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Atka Island description and information


Official Name: Atka Island
Type:Stratocone with caldera and multiple satellite vents and stratovolcanoes
Most Recent Activity:May 1, 1995
Seismically Monitored: No
Elevation: 5030 ft (1533 m)
Latitude: 52.3309° N
Longitude:174.139° W
CAVW Number:
Pronunciation: Sound file
Associated Features:Kliuchef
Atka caldera
Nearby towns:Atka 10 mi (16 km) SW
Adak 110 mi (178 km) SW
Nikolski 225 mi (362 km) NE
Unalaska 333 mi (535 km) NE
Anchorage 1094 mi (1761 km) NE
From Wood and Kienle (1990) [1]: "Atka is the largest (~200 cubic km) volcanic center in the central Aleutians. There are no larger centers westward, and the closest larger center is Umnak, some 300 km east. Seguam lies directly to the east, and Great Sitkin to the west. The overall structure of the center is that of a broad central shield which once supported a large (~2,200 m) center cone (Atka volcano) ringed by as many as 7 or 8 smaller satellite volcanoes. The central cone was lost to caldera formation, shutting down the whole system, and the satellite vents still remain at various stages of erosional decay. Sarichef is perhaps the youngest satellite vent and has survived erosion largely unscathed. More often, summit ice buildup has breached the crater walls, forming active cirques, which have deeply incised the satellite vents. Tangential to these vents are U-shaped valleys, formed by moving ice.

"Kliuchef volcano grew on the north rim of the now ice-filled Atka caldera and formed a series of five vents striking northeast. The two main summit vents and the easternmost vent are fresh; the latter is most likely the source of the 1812 eruption attributed to Sarichef. Double-coned Korovin volcano next appeared, although overlapping considerably in time with Kliuchef. Six km north of Kliuchef, Konia volcano occupies the middle ground between Korovin and Kliuchef and is as old as much of Korovin itself. Korovin has been and remains the principal active volcano on Atka. It is unusual in that its summit crater marks an open, cylindrical vent reaching nearly to sea level; it has been observed by pilots flying over to sometimes contain a crater lake and at other times to be brimming with magma. This vent is the source of most recent eruptions.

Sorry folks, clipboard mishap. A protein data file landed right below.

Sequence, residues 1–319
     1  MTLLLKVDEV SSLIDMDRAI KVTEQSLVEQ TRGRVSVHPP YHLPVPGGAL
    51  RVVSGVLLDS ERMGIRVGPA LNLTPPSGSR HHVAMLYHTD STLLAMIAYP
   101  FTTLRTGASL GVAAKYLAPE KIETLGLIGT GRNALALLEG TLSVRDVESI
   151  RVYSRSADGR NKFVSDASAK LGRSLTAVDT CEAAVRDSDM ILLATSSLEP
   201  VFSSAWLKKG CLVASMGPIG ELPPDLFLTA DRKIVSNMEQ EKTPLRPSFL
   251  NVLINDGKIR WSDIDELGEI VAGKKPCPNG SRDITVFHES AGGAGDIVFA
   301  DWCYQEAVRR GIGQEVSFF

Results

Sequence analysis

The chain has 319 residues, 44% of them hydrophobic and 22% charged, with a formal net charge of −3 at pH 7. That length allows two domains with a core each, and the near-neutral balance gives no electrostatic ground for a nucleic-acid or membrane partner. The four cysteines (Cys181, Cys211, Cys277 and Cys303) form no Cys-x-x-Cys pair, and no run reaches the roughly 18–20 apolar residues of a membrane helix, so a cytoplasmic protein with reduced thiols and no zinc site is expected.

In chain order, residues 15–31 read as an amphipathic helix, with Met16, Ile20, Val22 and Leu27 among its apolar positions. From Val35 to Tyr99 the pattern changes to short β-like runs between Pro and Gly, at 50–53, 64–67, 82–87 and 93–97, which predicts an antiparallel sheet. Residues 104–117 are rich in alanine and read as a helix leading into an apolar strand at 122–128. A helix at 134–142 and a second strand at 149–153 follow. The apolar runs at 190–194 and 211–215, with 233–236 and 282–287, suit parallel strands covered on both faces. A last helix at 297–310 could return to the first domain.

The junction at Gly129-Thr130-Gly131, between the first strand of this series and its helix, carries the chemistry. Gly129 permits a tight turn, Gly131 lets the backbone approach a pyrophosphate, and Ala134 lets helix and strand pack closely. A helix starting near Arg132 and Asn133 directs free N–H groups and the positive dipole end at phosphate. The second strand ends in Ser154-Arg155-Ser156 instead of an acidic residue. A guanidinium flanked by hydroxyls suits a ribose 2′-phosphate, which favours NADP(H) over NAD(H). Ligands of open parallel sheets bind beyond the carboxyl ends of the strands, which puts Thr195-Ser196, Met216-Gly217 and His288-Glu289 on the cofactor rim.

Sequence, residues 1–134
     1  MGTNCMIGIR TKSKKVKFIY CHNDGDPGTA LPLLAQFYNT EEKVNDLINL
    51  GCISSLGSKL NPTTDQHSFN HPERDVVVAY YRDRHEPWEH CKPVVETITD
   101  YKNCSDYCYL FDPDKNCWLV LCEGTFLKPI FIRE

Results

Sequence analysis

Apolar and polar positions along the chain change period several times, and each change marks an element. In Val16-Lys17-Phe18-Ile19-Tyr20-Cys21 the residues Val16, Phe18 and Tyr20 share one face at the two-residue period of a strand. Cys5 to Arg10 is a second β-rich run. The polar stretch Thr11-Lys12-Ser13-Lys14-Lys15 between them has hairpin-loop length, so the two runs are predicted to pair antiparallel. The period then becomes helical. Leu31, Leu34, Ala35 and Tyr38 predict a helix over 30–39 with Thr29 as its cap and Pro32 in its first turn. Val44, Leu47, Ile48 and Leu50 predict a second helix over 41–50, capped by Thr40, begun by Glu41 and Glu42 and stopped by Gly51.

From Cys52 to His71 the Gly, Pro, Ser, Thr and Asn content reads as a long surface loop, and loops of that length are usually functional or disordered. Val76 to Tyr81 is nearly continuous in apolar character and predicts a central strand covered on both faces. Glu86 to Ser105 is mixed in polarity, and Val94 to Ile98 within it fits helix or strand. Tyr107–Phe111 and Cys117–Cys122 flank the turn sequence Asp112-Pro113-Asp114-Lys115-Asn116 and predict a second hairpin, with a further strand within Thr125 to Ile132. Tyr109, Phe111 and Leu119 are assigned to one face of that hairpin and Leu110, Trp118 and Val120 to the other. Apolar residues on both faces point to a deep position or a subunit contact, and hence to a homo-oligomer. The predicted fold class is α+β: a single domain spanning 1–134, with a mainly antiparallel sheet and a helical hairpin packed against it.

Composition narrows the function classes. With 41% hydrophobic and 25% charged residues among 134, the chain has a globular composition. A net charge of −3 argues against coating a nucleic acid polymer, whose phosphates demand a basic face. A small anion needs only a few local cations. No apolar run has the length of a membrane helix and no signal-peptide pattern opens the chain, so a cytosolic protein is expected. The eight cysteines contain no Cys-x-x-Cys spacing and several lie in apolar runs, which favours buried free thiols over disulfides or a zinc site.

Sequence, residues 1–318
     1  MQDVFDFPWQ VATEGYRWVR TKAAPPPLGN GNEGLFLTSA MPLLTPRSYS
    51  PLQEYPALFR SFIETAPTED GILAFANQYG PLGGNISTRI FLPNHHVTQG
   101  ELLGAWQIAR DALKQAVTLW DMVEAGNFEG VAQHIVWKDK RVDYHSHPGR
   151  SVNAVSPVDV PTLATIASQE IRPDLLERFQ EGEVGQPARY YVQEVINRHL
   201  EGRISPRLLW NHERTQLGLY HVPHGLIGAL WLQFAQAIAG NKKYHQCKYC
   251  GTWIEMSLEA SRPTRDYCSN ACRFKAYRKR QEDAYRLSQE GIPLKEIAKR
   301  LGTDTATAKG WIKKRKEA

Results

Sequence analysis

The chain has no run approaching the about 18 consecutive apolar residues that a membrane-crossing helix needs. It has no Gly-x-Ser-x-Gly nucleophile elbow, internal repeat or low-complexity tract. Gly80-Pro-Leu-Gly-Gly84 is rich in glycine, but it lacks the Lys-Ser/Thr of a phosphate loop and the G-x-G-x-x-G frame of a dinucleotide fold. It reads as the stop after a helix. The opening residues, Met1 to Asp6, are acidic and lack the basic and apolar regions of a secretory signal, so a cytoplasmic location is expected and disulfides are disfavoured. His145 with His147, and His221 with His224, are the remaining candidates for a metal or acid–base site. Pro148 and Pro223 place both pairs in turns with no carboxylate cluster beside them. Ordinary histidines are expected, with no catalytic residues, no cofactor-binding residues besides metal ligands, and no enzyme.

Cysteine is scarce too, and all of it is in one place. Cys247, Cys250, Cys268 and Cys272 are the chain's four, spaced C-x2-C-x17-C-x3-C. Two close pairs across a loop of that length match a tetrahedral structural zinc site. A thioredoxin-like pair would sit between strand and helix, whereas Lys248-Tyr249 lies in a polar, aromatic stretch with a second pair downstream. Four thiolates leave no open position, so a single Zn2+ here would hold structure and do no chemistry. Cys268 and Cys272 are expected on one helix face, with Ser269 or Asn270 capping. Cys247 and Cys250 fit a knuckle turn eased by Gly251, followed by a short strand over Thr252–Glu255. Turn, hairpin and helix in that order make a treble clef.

"All the volcanoes consist principally of crystal-rich, thin, (<~3m) basaltic lavas with interbedded scoria yielding increasing amounts of pyroclastic debris, autobreccias, and lahars. The summit of Kliuchef is mostly glassy dacite as are some late flows of Korovin and Konia. A thick (~400 m) pink dacite with pumiceous and glassy cooling units was erupted upon formation of Atka caldera, but no ash flows have been found. Thick, expansive lahar aprons fill many early Pleistocene glacial valleys. These have been cut by parse dikes spanning the volcanic center, whose emplacement apparently attended caldera collapse. The lavas themselves are overwhelmingly (>or= 90% by volume) high-alumina basalt, strikingly free of xenoliths. The basalt contains plagioclase, orthopyroxene, magnetite, and clinopyroxene. The andesite and dacite contain orthopyroxene at the expense of olivine; trace amounts of biotite are also found in the dacite. No hydrous phases are found in any basalt or andesite lava. Three hot spring areas are found apparently associated with Kliuchef and Atka caldera, and a fourth spring occurs some 7.5 km west of Kliuchef."

Volcanoes of North America: United States and Canada, 1990
Wood, C. A., and Kienle, Juergen, (eds.), 1990, Volcanoes of North America: United States and Canada: New York, Cambridge University Press, 354 p.

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